The Great Depression was a severe worldwide economic depression that took place mostly during the 1930s, beginning in the United States. The timing of the Great Depression varied around the world; in most countries, it started in 1929 and lasted until the late 1930s. It was the longest, deepest, and most widespread depression of the 20th century. The Great Depression is commonly used as an example of how intensely the global economy can decline.
The Great Depression started in the United States after a major fall in stock prices that began around September 4, 1929, and became worldwide news with the stock market crash of October 29, 1929, which was known as Black Tuesday. Between 1929 and 1932, worldwide gross domestic product (GDP) fell by an estimated 15%. By comparison, worldwide GDP fell by less than 1% from 2008 to 2009 during the Great Recession. Some economies started to recover by the mid-1930s. However, in many countries, the negative effects of the Great Depression lasted until the beginning of World War II.
The Great Depression had devastating effects in both rich and poor countries. Personal income, tax revenue, profits and prices dropped, while international trade fell by more than 50%. Unemployment in the U.S. rose to 23% and in some countries rose as high as 33%. Cities around the world were hit hard, especially those dependent on heavy industry. Construction was virtually halted in many countries. Farming communities and rural areas suffered as crop prices fell by about 60%. Facing plummeting demand with few alternative sources of jobs, areas dependent on primary sector industries such as mining and logging suffered the most.
Economic historians usually consider the catalyst of the Great Depression to be the sudden devastating collapse of U.S. stock market prices, starting on October 24, 1929. However, some dispute this conclusion and see the stock crash as a symptom, rather than a cause, of the Great Depression.
Even after the Wall Street Crash of 1929, where the Dow Jones Industrial Average dropped from 381 to 198 over the course of two months, optimism persisted for some time. The stock market turned upward in early 1930, with the Dow returning to 294 (pre-depression levels) in April 1930, before steadily declining for years, to a low of 41 in 1932.
At the beginning, governments and businesses spent more in the first half of 1930 than in the corresponding period of the previous year. On the other hand, consumers, many of whom suffered severe losses in the stock market the previous year, cut their expenditures by 10%. In addition, beginning in the mid-1930s, a severe drought ravaged the agricultural heartland of the U.S.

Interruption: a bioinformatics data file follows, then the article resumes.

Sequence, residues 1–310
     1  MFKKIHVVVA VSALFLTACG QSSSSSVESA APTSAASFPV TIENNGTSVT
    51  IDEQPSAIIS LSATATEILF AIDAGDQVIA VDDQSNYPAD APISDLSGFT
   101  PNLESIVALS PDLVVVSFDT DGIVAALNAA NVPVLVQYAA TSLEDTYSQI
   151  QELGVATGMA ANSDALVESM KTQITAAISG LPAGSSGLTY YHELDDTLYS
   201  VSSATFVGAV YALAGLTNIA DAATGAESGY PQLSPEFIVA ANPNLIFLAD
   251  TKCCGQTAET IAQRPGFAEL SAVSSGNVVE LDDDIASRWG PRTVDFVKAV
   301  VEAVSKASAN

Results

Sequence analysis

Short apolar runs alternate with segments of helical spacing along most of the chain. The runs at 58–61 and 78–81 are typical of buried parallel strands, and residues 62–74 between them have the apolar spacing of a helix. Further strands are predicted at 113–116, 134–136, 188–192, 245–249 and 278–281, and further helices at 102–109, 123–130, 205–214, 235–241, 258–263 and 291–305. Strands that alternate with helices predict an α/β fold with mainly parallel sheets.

Interest rates dropped to low levels by mid-1930, but expected deflation and the continuing reluctance of people to borrow meant that consumer spending and investment remained low. By May 1930, automobile sales declined to below the levels of 1928. Prices, in general, began to decline, although wages held steady in 1930. Then a deflationary spiral started in 1931. Farmers faced a worse outlook; declining crop prices and a Great Plains drought crippled their economic outlook. At its peak, the Great Depression saw nearly 10% of all Great Plains farms change hands despite federal assistance.
The decline in the U.S. economy was the factor that pulled down most other countries at first; then, internal weaknesses or strengths in each country made conditions worse or better. Frantic attempts by individual countries to shore up their economies through protectionist policies – such as the 1930 U.S. Smoot–Hawley Tariff Act and retaliatory tariffs in other countries – exacerbated the collapse in global trade, contributing to the depression. By 1933, the economic decline pushed world trade to one third of its level compared to four years earlier. (Wikipedia)
Born in New York City in 1915, Arthur Rothstein showed an early interest in photography. While studying at Columbia University, he met economics instructor Roy Stryker, who would later establish the photographic section of the Resettlement Administration (later the Farm Security Administration) in Washington, DC.
Appreciating Rothstein’s technical proficiency and enthusiasm for photography, Stryker hired him in 1935 as the first staff photographer for the FSA. Rothstein spent the next five years creating some of the most iconic images of rural and small-town America during the Great Depression (1935-1940).
After leaving the FSA in 1940, Rothstein took a position as photographer for Look magazine; he remained there until 1971, ultimately serving as the magazine’s director of photography.
(Photos by Arthur Rothstein)